Groundwater quality deteriorating in Tamil Nadu’s industrial areas: CSE.
The most serious pollution threat to groundwater was from calcium, chloride and iron, associated with sewage and pollution from tannery waste
Groundwater is becoming more polluted in Tamil Nadu’s industrial areas and Vellore is the state’s most polluted district in terms of river pollution, according to a new study by Delhi-based thinktank, Centre for Science and Environment (CSE).
CSE did an assessment of Tamil Nadu CEPI scores. CEPI (Comprehensive Environmental Pollution Index) is a rational number to characterise the quality of the environment at a given location following the algorithm of source, pathway and receptor. An increase in CEPI score denotes adverse effects on the receiving environment.
Five industrial clusters in Tamil Nadu were found to have a water score of more than 50. Three of these — Vellore-North Arcot, Manali and Tiruppur — were ‘critically polluted’ and two — Cuddalore and Coimbatore — were ‘severely polluted’, according to the CEPI water score 2018.
A CEPI individual score of 60 and above denotes an industrial area to be a ‘critically polluted area’ and a score between 50-60 denotes it to be a ‘severely polluted area’.
The CEPI water score of Vellore-North Arcot was 65.25 in 2009. This increased to 75 in 2018. Manali had a CEPI water score of 59 in 2009, which increased to 72.25 in 2018. Tiruppur had a CEPI water score of 50.75 in 2009, which increased to 65 in 2018.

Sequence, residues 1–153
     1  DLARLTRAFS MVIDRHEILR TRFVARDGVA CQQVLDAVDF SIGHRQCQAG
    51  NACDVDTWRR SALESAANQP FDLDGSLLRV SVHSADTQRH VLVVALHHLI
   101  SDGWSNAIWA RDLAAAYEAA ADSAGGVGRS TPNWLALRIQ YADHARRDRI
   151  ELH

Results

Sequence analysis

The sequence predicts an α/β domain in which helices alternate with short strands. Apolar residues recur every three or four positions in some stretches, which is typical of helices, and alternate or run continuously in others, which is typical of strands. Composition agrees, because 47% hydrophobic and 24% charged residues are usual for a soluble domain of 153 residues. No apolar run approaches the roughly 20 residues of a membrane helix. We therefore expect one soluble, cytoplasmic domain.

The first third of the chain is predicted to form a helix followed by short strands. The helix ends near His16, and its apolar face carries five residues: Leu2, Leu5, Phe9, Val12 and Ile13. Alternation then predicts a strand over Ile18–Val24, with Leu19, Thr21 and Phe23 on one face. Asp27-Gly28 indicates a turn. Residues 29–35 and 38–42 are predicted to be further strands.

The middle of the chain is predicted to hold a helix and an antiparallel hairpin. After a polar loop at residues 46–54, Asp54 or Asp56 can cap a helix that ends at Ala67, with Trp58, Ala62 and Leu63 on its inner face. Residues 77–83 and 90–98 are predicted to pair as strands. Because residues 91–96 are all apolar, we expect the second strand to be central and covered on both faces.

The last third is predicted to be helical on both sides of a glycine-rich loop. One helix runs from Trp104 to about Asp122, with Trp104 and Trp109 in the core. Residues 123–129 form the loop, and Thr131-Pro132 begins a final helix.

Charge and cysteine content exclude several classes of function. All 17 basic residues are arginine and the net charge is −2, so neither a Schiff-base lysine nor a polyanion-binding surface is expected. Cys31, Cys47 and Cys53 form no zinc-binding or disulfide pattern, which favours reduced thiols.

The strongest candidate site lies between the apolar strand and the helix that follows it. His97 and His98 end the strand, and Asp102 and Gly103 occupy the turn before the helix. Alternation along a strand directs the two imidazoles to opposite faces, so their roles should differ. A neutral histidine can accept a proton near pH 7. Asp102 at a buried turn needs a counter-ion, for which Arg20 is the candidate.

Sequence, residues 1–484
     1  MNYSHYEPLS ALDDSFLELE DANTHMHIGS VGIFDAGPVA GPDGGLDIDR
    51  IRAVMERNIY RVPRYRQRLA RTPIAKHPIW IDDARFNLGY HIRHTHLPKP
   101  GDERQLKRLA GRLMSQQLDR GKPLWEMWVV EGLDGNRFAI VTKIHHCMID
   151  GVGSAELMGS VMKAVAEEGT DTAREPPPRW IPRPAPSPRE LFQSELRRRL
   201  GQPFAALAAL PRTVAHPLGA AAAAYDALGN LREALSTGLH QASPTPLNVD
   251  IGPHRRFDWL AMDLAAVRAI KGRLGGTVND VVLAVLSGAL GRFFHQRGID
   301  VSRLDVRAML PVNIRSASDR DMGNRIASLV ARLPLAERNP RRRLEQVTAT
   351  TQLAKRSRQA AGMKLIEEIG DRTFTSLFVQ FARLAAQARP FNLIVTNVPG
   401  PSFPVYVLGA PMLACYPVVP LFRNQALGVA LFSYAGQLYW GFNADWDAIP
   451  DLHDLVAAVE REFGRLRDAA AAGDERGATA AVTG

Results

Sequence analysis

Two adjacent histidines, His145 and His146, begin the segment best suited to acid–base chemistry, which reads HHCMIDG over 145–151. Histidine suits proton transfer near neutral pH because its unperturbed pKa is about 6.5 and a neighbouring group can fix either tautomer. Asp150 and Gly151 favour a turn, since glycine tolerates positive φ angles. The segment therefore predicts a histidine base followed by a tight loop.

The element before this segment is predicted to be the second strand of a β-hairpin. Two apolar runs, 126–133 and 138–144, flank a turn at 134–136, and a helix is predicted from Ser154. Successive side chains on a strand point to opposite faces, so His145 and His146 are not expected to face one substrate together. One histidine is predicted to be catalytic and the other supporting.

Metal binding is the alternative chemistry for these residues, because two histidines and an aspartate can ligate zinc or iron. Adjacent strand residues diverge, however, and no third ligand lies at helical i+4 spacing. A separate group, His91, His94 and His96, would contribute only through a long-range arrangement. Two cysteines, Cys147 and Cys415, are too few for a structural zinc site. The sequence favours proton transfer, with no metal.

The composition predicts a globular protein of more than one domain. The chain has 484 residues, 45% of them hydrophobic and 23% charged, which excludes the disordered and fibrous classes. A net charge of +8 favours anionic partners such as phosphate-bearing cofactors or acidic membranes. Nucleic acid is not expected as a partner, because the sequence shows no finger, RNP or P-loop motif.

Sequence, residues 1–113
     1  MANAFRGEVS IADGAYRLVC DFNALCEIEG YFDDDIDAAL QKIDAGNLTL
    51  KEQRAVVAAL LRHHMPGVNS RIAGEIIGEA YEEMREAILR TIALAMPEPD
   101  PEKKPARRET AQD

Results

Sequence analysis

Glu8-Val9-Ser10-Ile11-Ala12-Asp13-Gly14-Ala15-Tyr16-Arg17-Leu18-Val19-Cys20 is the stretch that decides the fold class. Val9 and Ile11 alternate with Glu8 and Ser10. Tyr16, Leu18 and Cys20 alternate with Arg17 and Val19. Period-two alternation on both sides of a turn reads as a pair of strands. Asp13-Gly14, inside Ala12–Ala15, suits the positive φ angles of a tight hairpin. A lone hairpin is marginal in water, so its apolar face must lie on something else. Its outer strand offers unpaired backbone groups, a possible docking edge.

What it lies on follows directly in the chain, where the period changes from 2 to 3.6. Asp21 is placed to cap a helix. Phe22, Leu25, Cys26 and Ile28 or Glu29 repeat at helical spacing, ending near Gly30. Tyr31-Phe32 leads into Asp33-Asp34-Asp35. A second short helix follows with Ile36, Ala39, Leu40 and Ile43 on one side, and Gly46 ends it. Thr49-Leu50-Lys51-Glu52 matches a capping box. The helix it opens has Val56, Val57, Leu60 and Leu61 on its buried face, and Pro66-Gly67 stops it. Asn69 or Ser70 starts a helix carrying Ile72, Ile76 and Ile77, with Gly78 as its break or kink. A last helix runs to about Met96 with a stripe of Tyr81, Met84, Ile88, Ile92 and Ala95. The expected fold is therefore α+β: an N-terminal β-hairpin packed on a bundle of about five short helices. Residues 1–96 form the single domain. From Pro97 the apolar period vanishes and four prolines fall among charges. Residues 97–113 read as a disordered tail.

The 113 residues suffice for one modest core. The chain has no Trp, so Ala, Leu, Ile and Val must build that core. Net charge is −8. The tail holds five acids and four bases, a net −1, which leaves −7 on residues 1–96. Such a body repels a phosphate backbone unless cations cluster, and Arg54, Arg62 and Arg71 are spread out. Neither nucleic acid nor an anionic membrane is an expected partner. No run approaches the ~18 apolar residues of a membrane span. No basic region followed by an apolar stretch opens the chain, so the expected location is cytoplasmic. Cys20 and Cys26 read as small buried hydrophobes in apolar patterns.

Vellore, the most polluted district in Tamil Nadu in terms of river pollution, was home to 240 tanneries, 17 red category industries and small-scale chemical industries, according to CSE.
Partially treated industrial effluents, combined with sewage and other wastes were being discharged directly into surface water according to the study, Assessment of groundwater quality in some towns of Vellore district, Tamil Nadu, India.
This had caused severe groundwater pollution in the industrial belt. The most serious pollution threat to groundwater was from calcium, chloride and iron, that are associated with sewage and pollution from tannery waste.
CSE also found that five industrial clusters in Tamil Nadu had a land score of more than 50. For arriving at land score, ground water and soil quality was considered.
Four of the five clusters — Manali, Mettur, Tiruppur and Tuticorin — fell under the ‘critically polluted’ category and one industrial cluster (Erode) fell under the ‘severely polluted’ category with respect to groundwater and soil pollution.
The land score of the Manali industrial cluster was 58 in 2009. This increased to 71.75 in 2018. Tiruppur had a CEPI land score of 53 in 2009, which increased to 64 in 2018. Mettur had a land CEPI score of 46.5 in 2009, which increased to 69.38 in 2018. Erode had a CEPI score 43.5 in 2009, which increased to 52.75 in 2018.
The Manali industrial area was one of the most polluted areas identiﬁed by the Central Pollution Control Board (CPCB). About 300 industries had come up in this area, including chemicals, plastics, petrochemicals, refineries and fertilisers.
Some well-known industries like Madras Fertilizers Ltd, Madras Petrochemicals Ltd and Madras Reﬁneries Ltd had also ﬂourished in the area during recent years.
The study Assessment of heavy metal contamination in soils around Manali industrial area showed heavy metal pollution in the area and found elevated concentrations of chromium (149.8–418.0 mg / kg), copper (22.4–372.0 mg / kg), nickel (11.8–78.8 mg / kg), zinc (63.5–213.6 mg / kg) and molybdenum (2.3–15.3mg / kg), that had resulted in ground water and pollution.
Manali was extremely contaminated due to several years of random dumping of hazardous waste and free discharge of efﬂuents on land by industries. The high amount of toxic metals in the environment might have also caused an increase in their presence in groundwater as a result of leaching.
CEPI was a tool developed by the CPCB in 2009 to identify the problematic industrial areas in the country. In 2009, 88 industrial clusters were notified as polluted industrial areas. (Source: downtoearth)